Given the rapid growth in demand for same-day and final mile delivery, the changing face of logistics requires new, safe and efficient ways to load and unload goods into smaller vehicles. According to loading and unloading specialist Thorworld Industries, the answer is simple: van ramps.
The company’s Managing Director, John Meale, says: “Even as recently as three years ago, most warehouses and distribution centres were built to accommodate container trucks or large trailers. Faced with a rapid shift in consumer habit, distribution centres are having to adapt to ensure delivery to the final consumer using small vans and passenger cars.”
The COVID-19 pandemic, and the struggles of high street retailers, have facilitated huge demand for home delivery. Against this, rising energy, fuel and labour costs present logistics managers with a conundrum: how to service the changing face of their fleets in a productive and cost-efficient way.
Thorworld Industries has developed a suite of ramps developed specifically to meet this need. Van ramps are wider and longer than the company’s standard size (meant primarily for forklift trucks) and so allow vans to safely reverse from ground level to dock height.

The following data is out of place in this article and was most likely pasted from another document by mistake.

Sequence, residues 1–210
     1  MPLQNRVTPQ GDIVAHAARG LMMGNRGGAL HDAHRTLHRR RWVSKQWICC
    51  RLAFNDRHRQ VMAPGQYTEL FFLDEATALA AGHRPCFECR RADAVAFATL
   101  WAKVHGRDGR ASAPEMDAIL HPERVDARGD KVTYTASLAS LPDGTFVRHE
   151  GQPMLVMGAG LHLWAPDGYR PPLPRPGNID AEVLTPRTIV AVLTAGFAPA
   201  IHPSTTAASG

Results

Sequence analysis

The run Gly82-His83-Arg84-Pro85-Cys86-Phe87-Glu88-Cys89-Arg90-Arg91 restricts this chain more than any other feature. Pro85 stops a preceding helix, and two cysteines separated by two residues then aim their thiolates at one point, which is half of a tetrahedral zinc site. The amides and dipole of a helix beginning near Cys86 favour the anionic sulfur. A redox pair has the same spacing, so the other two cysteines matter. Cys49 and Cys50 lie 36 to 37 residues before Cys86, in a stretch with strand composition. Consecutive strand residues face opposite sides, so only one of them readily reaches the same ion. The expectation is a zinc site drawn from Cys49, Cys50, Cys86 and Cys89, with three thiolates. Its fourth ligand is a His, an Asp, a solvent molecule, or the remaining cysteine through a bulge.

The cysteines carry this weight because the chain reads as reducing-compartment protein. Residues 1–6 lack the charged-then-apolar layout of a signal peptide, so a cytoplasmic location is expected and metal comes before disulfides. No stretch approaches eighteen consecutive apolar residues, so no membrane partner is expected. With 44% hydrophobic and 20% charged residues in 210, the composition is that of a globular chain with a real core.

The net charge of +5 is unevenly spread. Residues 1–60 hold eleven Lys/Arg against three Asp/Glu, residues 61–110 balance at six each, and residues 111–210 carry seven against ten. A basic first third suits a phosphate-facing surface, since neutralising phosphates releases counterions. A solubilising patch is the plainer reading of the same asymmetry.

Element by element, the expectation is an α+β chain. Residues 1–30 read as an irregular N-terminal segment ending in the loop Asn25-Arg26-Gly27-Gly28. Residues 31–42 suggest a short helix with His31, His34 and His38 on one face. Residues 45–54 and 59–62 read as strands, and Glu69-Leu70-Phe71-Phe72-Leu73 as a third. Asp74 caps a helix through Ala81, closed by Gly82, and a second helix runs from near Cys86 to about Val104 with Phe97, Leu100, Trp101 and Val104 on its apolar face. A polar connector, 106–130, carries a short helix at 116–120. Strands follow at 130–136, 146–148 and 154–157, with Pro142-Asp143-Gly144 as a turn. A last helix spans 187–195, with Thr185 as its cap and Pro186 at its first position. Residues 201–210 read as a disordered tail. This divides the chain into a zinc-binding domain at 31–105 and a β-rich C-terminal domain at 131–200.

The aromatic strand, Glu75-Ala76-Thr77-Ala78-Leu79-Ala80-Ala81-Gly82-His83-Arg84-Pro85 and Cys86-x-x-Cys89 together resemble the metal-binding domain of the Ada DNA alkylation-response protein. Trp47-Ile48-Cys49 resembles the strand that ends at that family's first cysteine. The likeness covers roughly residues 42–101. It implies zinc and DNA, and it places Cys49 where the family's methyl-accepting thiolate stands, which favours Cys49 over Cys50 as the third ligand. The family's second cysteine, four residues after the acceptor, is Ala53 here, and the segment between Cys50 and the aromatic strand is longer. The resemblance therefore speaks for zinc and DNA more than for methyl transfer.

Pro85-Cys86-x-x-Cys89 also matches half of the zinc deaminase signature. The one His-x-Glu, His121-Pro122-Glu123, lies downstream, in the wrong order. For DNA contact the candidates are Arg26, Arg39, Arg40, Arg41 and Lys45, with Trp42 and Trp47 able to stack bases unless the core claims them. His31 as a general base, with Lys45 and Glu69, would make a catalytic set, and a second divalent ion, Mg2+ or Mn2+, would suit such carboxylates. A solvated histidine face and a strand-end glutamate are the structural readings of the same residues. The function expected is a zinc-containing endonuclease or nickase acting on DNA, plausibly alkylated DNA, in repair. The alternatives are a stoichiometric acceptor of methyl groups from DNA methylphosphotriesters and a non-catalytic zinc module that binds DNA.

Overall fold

Different load capacities, widths, tilt lengths and levelling/platform lengths can be provided depending on the environment. Thorworld’s van ramps are manufactured up to 24m long. Safety is further assured through the use of special anti-skid surfaces and safety rails.
Like the company’s modular loading docks – another popular solution for greater logistics flexibility – specialised van ramps do not require warehouse modifications. They can also support the weight of electric vans, which are becoming increasingly popular amid rising fuel prices.
Ramps can be designed to be easily docked so that they are flush or below the dock to align the floor of the vehicle with the loading dock. In addition to fixed ramps, customers can choose mobile ramps for environments where portability and flexibility are desired.
“Our team of qualified engineers has built up considerable experience in evolving loading ramp designs to suit particular circumstances,” confirms John Meale. “In the case of van ramps, the solution is the perfect solution to support customers through a period of rapid, and probably irreversible, change.
“By using van ramps, companies can maintain their supply chain, be adaptable to different delivery vehicle types, and drive greater efficiencies cost-effectively.”
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